As a kid and growing up I never quite knew what I wanted to be or do with my life, however I always had a passion for engineering. At school I was always the only girl in my science and technology classes who actually found things interesting and fun – in fact my nickname was Brains because I always had my head in a book or was learning something new – and when I got to uni I was one of only about a dozen young women in a class of over 100. I definitely had some people tell me that I couldn’t be an engineer, however that just made me want to succeed even more! I couldn’t be happier with the choices I made to get where I am today!
Today I’m a Graduate Civil Engineer working for a Local Government organisation, a council. I work in the Public Works sector because I’m passionate about making a difference and contributing to the community in which I live. Working for the Council also means that I get to work on a variety of projects, across a variety of areas and with all sorts of other professions. And in doing this, I get to shape the future of the built environment, the foundations of our societies and the future that generations to come will enjoy; and that is pretty inspirational.
Let’s face it, engineering, and particularly public works engineering is a pretty awesome job and I want to inspire other people to join in the fun and become engineers.
Recently I joined Young IPWEA because I saw it as an opportunity to network, to meet people just like me with similar, but diverse experiences and to share those experiences and help each other with real-life matters. It is a way to gain industry knowledge and learn about new ideas, apply new technologies and learn about professional development opportunities like the recent career development workshop at the IPWEA NSW State Conference.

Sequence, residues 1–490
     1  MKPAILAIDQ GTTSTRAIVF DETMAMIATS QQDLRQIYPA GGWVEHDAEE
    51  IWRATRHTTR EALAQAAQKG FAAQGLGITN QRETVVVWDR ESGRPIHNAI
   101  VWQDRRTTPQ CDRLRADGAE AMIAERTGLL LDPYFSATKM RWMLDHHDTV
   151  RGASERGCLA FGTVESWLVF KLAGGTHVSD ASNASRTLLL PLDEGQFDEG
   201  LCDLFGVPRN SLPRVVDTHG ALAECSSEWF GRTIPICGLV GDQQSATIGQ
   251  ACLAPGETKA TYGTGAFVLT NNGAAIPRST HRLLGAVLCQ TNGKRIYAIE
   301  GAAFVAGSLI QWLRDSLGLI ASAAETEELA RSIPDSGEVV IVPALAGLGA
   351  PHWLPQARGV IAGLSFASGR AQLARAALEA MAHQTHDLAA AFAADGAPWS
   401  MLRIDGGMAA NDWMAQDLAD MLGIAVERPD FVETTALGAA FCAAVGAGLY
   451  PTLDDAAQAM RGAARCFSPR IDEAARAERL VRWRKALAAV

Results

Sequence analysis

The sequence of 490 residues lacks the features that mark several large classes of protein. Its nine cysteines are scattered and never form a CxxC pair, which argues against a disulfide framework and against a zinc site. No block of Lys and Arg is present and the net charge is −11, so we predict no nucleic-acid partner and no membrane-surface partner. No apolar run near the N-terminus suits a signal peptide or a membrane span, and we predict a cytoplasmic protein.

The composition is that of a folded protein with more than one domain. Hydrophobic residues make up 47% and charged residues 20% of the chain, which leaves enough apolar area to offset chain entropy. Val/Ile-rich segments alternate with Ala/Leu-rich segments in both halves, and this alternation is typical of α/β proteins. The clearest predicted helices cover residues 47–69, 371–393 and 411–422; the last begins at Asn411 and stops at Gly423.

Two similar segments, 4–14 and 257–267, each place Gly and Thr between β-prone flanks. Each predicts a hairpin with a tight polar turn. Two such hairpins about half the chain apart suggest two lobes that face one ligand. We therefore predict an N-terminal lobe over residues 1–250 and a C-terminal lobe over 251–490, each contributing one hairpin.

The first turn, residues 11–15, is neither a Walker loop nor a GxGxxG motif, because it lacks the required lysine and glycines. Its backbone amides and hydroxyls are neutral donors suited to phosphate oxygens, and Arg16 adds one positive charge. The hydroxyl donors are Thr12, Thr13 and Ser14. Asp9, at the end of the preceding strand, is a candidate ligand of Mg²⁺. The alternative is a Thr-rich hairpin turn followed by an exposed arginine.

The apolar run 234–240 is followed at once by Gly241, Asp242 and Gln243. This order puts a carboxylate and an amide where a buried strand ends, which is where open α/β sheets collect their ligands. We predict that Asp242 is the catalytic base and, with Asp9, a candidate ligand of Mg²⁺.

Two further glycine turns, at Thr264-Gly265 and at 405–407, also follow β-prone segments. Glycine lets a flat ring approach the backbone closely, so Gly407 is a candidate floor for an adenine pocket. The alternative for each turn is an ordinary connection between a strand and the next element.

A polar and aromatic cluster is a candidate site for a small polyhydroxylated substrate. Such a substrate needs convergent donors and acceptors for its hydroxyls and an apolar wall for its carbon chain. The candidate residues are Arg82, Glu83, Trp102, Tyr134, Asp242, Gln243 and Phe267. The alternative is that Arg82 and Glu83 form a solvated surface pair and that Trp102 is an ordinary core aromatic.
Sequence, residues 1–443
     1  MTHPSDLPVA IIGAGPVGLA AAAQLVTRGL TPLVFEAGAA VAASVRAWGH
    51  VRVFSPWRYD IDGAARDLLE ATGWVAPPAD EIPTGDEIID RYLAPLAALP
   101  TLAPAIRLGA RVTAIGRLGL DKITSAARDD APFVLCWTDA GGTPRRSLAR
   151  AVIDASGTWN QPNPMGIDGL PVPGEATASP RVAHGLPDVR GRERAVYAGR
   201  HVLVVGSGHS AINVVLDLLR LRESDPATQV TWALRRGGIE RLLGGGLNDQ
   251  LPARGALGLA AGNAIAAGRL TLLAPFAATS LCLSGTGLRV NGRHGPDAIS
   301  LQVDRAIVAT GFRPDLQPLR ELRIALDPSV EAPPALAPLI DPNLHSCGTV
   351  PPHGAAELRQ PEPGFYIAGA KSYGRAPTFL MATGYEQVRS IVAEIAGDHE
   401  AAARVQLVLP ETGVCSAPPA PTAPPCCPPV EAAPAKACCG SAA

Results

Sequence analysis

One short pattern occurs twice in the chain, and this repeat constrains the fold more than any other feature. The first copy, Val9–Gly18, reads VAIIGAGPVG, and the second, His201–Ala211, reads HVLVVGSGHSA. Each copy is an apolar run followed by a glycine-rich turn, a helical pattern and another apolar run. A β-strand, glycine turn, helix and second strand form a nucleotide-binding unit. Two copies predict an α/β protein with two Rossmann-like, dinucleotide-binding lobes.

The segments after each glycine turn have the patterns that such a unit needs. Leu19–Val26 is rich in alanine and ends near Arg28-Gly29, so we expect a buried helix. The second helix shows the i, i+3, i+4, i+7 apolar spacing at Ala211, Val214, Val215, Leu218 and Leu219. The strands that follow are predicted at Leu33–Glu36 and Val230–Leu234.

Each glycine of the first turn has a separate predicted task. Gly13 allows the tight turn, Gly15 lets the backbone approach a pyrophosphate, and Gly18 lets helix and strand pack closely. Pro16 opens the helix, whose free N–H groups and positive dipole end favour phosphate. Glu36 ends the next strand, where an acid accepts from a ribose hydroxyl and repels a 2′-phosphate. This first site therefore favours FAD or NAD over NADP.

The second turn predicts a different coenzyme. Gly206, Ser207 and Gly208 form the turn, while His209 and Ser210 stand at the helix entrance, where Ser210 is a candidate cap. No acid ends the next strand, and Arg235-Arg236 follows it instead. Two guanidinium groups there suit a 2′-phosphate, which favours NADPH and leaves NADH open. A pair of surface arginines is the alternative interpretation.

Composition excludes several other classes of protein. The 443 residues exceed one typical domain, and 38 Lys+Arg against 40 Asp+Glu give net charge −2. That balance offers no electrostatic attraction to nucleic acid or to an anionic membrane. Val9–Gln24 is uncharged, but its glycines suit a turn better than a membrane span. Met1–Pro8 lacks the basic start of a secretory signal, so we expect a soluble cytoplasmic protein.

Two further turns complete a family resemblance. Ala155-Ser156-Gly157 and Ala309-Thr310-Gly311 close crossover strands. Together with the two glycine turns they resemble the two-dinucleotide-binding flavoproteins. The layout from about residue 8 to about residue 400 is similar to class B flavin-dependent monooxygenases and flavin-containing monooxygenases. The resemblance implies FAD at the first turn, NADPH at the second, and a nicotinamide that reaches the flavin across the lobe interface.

IPWEA is leading an engineering culture change and I am excited to be part of it. We are raising the profile of engineers by finding ways to get engineers to the decision-making table. From meetings with key government agencies and policy makers to making submissions to public inquiries, IPWEA takes every opportunity to raise the issue and deliver the message that public infrastructure is too important to leave its stewardship to chance.
And, IPWEA is working to ensure engineering becomes more inclusive with more female engineers, more engineers from diverse backgrounds and we want to embrace engineers with disabilities. Young IPWEA can work together to transform the profile of our industry.
So, what can you do?
Highlight the work we do for our communities by taking a photo or video of your project "make sure I’m in it!" using either the hashtag #pocketsally or tagging @PocketSally on your favourite social media platform, share it with the world.
And finally, encourage your friends, peers and colleagues to do the same: get their own Pocket Sally and spread the word.
What lessons have I learned in my short career?
One of the biggest things I’ve learnt as a young female engineer is that it’s ok to be different. Never underestimate the power of diversity. I embraced my differences and became strong, confident and, a better engineer. It’s not easy, and there are some people out there that will always give you a hard time, but it’s up to you how you choose to deal with it. I found a way to embrace my differences as a strength. So can you!